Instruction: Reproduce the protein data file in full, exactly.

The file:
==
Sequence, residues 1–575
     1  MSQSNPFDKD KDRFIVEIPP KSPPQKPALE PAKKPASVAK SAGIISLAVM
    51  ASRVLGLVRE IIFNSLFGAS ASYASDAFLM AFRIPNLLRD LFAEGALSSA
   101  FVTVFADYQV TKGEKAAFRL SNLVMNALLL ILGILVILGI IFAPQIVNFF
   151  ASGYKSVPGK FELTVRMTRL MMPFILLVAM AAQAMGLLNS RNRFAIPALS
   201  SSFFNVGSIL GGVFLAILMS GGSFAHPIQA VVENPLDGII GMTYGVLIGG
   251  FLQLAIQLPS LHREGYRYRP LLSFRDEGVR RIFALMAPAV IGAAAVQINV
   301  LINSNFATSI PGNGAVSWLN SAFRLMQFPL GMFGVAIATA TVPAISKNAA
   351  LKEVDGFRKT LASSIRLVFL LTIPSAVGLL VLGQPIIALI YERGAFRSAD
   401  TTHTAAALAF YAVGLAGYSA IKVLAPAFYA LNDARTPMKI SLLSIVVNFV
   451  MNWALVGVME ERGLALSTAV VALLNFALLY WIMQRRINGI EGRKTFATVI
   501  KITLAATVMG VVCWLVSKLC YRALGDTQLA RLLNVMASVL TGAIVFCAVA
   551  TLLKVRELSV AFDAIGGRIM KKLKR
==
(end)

Sequence, residues 1–575
     1  MSQSNPFDKD KDRFIVEIPP KSPPQKPALE PAKKPASVAK SAGIISLAVM
    51  ASRVLGLVRE IIFNSLFGAS ASYASDAFLM AFRIPNLLRD LFAEGALSSA
   101  FVTVFADYQV TKGEKAAFRL SNLVMNALLL ILGILVILGI IFAPQIVNFF
   151  ASGYKSVPGK FELTVRMTRL MMPFILLVAM AAQAMGLLNS RNRFAIPALS
   201  SSFFNVGSIL GGVFLAILMS GGSFAHPIQA VVENPLDGII GMTYGVLIGG
   251  FLQLAIQLPS LHREGYRYRP LLSFRDEGVR RIFALMAPAV IGAAAVQINV
   301  LINSNFATSI PGNGAVSWLN SAFRLMQFPL GMFGVAIATA TVPAISKNAA
   351  LKEVDGFRKT LASSIRLVFL LTIPSAVGLL VLGQPIIALI YERGAFRSAD
   401  TTHTAAALAF YAVGLAGYSA IKVLAPAFYA LNDARTPMKI SLLSIVVNFV
   451  MNWALVGVME ERGLALSTAV VALLNFALLY WIMQRRINGI EGRKTFATVI
   501  KITLAATVMG VVCWLVSKLC YRALGDTQLA RLLNVMASVL TGAIVFCAVA
   551  TLLKVRELSV AFDAIGGRIM KKLKR